Vorticle Fluids implemented in PopcornFX

This is a really crude first approximation of a homebrew realtime fluid simulation using vorticles. The general idea is a sparse layer of particles are queried for position and orientation and used as centers of rotation to simulate turbulent fluids. Even this very simple first experiment is very promising.

No noises, fields or turbulence forces are used, the motion is all directly a result of particles interacting with a layer of vorticles, which I reveal in the latter portion of this video.

Simulation is entirely on the CPU and takes 18ms per frame for 21,000 particles. One nice thing about vorticle simulations is the motion does not change with the number of particles, meaning a simulation can be tuned while running very fast and then the simulation turned up for millions of particles to be rendered in After Effects etc. I look forward to seeing how fast this will run when entirely on the GPU.

Apologies for the tiny video… this is just a screen capture.

Mercedes Santa

Mercedes “Santa.” :30, created snow rig using slipstream/fury which was then implemented into the shots by artist and friend Sue Jang. Method/NYC. The actor is Peter Xifo – nice job Peter!



This isn’t anything special, just a slapped-together polygonized ICE/slipstreamVX pointcloud I made a while back.

Fury Particle Renderer gets Furious-er

As long as we are talking about Exocortex, they just posted this exciting preview of the next version of their point rendering tool Fury.

For those of you wondering why this is important, it’s simple enough. Fury is fast. Really, really fast. And it was written by Ben Houston, the original author of Krakatoa, a tool of choice for rendering particles. Softimage, Max and Maya users alike can move their simulations to ICE (or create their simulations with ice directly) and partake in the Fury awesomeness.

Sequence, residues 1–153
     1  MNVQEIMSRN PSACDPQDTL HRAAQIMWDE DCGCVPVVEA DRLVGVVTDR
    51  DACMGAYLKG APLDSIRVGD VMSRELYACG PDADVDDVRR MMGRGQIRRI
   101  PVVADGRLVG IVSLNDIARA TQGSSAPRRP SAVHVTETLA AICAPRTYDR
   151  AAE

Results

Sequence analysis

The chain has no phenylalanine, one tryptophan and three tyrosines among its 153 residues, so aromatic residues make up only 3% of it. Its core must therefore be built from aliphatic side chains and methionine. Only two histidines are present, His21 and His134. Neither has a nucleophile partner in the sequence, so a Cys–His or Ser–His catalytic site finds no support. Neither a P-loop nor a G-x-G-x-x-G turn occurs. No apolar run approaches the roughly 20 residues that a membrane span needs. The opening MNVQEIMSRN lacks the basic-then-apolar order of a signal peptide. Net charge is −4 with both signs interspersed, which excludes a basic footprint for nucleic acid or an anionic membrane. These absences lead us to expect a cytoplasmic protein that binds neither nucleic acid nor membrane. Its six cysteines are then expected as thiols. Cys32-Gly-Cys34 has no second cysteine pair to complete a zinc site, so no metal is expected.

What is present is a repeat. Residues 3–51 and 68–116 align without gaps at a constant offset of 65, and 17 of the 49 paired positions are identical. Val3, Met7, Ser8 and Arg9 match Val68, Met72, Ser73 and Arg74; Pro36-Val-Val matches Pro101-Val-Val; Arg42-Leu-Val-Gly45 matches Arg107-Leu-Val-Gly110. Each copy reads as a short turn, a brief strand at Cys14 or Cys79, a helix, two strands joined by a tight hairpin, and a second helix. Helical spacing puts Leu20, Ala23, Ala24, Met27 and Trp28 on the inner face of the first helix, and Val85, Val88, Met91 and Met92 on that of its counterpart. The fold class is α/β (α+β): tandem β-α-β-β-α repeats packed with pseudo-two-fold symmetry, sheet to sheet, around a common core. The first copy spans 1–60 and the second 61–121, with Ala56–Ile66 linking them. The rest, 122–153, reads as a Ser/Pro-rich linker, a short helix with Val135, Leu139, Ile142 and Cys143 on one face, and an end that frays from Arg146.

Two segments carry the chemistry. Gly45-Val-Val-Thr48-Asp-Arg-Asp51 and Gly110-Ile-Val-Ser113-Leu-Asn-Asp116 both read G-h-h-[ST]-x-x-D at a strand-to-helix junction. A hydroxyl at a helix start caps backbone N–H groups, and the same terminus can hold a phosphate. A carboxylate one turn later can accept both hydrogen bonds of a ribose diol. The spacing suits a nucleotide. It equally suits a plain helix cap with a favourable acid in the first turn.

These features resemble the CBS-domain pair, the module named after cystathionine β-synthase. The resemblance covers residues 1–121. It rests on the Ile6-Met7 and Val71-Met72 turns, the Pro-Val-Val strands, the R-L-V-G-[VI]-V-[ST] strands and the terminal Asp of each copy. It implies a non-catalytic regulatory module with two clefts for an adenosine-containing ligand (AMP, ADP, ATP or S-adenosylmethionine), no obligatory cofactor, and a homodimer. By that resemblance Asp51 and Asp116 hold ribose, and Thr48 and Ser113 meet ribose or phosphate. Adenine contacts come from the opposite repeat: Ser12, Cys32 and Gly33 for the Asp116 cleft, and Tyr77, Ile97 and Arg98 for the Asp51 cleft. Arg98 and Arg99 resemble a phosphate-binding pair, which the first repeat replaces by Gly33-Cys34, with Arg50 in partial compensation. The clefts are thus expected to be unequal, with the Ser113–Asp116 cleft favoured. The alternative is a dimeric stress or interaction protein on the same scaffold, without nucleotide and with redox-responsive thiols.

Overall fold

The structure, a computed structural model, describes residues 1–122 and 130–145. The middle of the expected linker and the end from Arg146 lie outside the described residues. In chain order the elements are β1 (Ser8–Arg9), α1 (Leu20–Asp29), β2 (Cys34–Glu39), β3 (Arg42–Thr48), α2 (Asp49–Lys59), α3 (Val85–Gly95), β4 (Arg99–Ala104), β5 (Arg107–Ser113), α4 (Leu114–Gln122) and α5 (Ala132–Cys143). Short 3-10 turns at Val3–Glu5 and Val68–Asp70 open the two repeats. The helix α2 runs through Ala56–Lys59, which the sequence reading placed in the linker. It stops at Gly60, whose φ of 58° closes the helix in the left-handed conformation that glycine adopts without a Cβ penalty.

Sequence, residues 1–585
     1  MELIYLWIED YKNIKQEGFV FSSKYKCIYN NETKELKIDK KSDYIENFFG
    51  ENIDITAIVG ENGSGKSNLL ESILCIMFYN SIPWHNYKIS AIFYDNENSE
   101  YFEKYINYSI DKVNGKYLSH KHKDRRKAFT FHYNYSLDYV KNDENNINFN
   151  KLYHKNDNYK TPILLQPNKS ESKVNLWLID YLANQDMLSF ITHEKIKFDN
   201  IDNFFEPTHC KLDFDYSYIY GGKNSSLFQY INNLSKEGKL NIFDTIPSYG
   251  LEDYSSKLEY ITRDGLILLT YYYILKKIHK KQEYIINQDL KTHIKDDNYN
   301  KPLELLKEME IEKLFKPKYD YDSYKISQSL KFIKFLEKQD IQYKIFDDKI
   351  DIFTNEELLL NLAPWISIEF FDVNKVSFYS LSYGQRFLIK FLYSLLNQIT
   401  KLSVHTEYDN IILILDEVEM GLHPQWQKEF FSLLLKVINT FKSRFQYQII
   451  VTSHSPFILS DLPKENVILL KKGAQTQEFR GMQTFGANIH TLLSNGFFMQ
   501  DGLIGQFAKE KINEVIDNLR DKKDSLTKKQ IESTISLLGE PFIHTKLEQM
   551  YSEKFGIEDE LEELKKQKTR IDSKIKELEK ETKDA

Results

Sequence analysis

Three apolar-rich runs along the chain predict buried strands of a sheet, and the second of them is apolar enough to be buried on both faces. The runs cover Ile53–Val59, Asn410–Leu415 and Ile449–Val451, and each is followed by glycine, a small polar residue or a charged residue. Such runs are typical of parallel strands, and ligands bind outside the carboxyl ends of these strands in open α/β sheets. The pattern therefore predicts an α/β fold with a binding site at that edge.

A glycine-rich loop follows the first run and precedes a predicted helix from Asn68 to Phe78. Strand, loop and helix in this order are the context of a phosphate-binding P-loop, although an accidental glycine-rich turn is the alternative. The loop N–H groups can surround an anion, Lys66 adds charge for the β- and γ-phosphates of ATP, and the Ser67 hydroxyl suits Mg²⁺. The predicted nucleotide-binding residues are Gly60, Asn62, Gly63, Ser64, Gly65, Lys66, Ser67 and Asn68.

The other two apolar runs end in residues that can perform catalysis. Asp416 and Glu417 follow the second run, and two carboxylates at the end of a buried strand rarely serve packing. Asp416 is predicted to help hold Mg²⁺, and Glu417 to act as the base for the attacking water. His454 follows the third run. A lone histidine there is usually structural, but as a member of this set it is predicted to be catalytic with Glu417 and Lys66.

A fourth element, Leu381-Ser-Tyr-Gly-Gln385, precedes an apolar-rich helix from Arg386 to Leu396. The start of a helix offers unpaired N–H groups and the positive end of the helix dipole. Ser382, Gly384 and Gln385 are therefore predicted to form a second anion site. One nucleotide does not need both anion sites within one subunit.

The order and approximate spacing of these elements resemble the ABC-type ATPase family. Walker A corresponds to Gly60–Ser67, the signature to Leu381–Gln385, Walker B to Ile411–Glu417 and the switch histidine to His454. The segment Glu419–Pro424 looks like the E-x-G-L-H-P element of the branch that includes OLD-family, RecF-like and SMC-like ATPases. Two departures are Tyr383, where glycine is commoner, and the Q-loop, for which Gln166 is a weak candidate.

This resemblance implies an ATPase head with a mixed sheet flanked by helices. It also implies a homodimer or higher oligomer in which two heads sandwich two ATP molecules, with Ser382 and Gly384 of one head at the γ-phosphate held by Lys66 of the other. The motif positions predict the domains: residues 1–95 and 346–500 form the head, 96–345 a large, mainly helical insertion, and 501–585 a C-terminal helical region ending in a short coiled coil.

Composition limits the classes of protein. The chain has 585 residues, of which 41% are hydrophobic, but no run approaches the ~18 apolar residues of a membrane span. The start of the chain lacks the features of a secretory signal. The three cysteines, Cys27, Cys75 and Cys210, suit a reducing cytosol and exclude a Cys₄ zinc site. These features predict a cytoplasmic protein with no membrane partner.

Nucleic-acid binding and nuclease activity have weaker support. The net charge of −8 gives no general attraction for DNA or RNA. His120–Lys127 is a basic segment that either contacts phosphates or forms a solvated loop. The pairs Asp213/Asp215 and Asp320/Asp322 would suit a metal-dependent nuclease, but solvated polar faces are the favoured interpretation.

LOOK at it. 1 million points. Self shadowing and cast shadows. 1-second-per-frame.

“The major new features in Fury 2.0:

* GPU-accelerated particle self-shadowing * Shadow maps * Built-in compositing previewing. * Command line renderer support. * Synchronized Softimage and Maya support.

In this example, 1 million points are lit and rendered in about 1 second per frame and the shadow map is also created at the same time. Motion blur and DOF do not slow down rendering time.

The simulation in this example is from a alpha-version of SlipstreamVX 2.0 and thus the smoke motion isn’t quite perfect in this video.”

Congrats to Exocortex for Harry Potter VFX

There is a good article online about Exocortex and the work they did using Slipstream VX for the last Harry Potter film. You can find it here.

Some excerpts:

The pool, known as the Pensieve to Harry Potter fans, contains an oillike liquid that sloshes around in its basin whenever someone gazes into it. While they had managed to make do with available tools in previous Harry Potter movies, this time around animators wanted the effects to be bigger, better and more realistic than ever before.

Houston, 32, sold the company a piece of specially designed software that mimics real world physics and helps to accurately create water digitally. The water special effect had taken Houston more than three years to perfect. The software tool was designed to work with Gradient’s existing special effects software.

“I went and further customized our software to meet the needs of the Harry Potter production,” said Houston, adding the experience has been “awesome.”

Animators at Gradient learned about Houston’s software from a review in a computer graphics magazine, he said.


Having written the magazine article in question, I couldn’t be happier for Exocortex. Good work, guys!